“Location, location, location” has been the mantra of real estate brokers ever since people have bought and sold land. Veteran broker Armando Ang says, however, that there is much more to owning a house than that.
His Guide to Homeownership is a voluminous book, and it really ought to be. Owning a home may be the Philippine dream, but nobody said that living the dream should be easy. Ang does his best to make it less difficult by helping buyers through the less glamorous side of owning a home: mortgages, property taxes and foreclosures.
Written in plain English, but peppered with cartoons and excerpts from relevant laws, Ang's guide exposes some tricks and traps that homeowners might walk into like sub-standard materials, hidden costs and amortization schemes that border on usury.
Perhaps to the chagrin of his colleagues, he warns the reader to always make an independent survey and inspection of a potential home. Getting the fair market value is one of the best tools a buyer can have, he says, and requires diligent research for information that brokers and developers may withhold.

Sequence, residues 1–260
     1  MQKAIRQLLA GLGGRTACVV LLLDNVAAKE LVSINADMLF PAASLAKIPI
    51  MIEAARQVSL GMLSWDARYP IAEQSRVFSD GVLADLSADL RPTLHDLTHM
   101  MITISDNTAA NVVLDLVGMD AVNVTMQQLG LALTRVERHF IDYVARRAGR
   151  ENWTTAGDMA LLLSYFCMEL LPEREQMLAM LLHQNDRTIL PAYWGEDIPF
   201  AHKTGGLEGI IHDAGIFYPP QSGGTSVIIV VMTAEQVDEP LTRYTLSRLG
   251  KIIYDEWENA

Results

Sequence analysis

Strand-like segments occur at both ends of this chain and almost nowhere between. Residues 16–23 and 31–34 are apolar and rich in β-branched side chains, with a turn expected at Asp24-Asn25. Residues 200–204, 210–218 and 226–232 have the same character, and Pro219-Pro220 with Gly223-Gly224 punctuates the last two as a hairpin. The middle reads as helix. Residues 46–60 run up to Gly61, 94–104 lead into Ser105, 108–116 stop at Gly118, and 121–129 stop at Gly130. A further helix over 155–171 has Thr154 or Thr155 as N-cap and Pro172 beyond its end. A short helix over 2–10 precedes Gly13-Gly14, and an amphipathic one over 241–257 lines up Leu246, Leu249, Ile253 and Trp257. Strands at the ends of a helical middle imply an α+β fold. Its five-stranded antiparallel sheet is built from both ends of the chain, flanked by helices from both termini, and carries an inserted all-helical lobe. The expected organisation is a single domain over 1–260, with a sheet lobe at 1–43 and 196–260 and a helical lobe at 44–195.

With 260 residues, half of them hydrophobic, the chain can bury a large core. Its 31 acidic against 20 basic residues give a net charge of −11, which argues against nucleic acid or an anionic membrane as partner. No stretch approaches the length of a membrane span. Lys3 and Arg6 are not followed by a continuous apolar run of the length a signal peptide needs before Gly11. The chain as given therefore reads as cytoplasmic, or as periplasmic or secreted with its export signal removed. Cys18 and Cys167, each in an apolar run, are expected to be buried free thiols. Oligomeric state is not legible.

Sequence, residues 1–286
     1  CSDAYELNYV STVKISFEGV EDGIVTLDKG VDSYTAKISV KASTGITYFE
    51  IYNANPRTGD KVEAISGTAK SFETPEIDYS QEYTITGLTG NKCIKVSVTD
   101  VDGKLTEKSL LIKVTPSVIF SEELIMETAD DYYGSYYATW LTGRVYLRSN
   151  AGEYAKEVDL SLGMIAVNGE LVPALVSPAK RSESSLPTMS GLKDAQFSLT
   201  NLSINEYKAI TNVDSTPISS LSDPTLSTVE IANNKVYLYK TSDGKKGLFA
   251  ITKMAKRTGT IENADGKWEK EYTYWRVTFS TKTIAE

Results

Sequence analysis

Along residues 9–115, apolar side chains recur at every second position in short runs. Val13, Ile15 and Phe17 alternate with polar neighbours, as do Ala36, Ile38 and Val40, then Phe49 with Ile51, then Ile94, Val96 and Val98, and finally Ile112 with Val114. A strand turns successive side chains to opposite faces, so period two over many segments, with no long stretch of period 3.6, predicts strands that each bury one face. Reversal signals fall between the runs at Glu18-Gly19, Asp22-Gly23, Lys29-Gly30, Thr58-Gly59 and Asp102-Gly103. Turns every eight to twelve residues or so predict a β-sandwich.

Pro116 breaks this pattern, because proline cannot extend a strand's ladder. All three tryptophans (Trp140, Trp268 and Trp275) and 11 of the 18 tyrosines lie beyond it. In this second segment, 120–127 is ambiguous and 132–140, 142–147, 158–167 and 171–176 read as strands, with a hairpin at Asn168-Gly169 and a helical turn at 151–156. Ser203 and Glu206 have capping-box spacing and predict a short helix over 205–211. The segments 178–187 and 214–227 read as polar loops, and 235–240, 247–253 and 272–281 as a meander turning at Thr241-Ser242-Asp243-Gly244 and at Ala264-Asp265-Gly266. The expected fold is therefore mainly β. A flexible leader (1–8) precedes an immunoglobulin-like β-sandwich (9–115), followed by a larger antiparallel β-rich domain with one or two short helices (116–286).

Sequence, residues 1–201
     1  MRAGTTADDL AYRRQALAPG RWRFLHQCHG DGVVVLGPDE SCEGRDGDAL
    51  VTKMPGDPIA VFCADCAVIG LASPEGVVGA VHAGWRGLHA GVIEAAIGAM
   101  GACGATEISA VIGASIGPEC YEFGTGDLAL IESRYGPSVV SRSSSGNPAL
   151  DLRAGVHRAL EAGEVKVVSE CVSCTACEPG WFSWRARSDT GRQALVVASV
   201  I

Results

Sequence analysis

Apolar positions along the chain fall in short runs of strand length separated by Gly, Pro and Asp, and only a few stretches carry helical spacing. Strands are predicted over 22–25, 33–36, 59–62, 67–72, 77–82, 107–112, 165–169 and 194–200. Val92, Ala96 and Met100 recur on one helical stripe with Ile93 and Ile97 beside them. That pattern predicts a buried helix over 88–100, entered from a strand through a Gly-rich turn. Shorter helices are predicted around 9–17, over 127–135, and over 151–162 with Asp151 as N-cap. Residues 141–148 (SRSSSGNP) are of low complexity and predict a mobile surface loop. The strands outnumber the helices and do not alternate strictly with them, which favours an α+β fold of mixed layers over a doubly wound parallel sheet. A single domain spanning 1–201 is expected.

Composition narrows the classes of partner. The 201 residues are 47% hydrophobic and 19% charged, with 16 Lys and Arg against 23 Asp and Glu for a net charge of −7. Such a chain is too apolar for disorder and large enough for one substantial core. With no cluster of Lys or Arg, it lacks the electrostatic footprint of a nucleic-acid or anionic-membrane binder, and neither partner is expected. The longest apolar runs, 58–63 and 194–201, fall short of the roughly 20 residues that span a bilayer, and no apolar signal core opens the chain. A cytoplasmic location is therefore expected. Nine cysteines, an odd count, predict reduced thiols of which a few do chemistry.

The destruction during the recent flooding in Metro Manila shows how developers may neglect to fully inform buyers of potential risks to their life and property. Aside from flooding, buyers are warned to be on the look out for properties found on former industrial areas. Ang says that chemical residue may have seeped into the ground undetected, and could cause health problems later on.
He says, however, that dealing through a broker is always best. While buyers may think they're striking a good bargain by approaching a seller directly, he might end up paying a higher price without a broker's experience in spotting a bad deal. Sellers might only be pretending to be anxious to sell in order to jack up prices or to unload an otherwise unsellable property, he says.
Even if a condominium lifestyle is more your cup of tea, Ang's book will still be useful, devoting an entire section to buying condominiums and town houses. Career-oriented owners are advised to stick to amenities that they can both afford and use. Having a gym and a swimming pool in the building might just mean paying association dues for facilities that you don't have time to use, he warns.
He also warns against the lower-priced studio-type units offered by many developers. While perfect for students and bachelors, the smaller units will be cramped even for a small family of three, and will likely result in another, more expensive, purchase in just a few years.
Reading Ang's Guide to Homeownership gives one the impression that the Philippine real estate business is a cutthroat field populated by cheats and frauds, and that is all the more reason to get the book. After all, having a veteran on your side may just give you the home court advantage.
Print ed: 11/09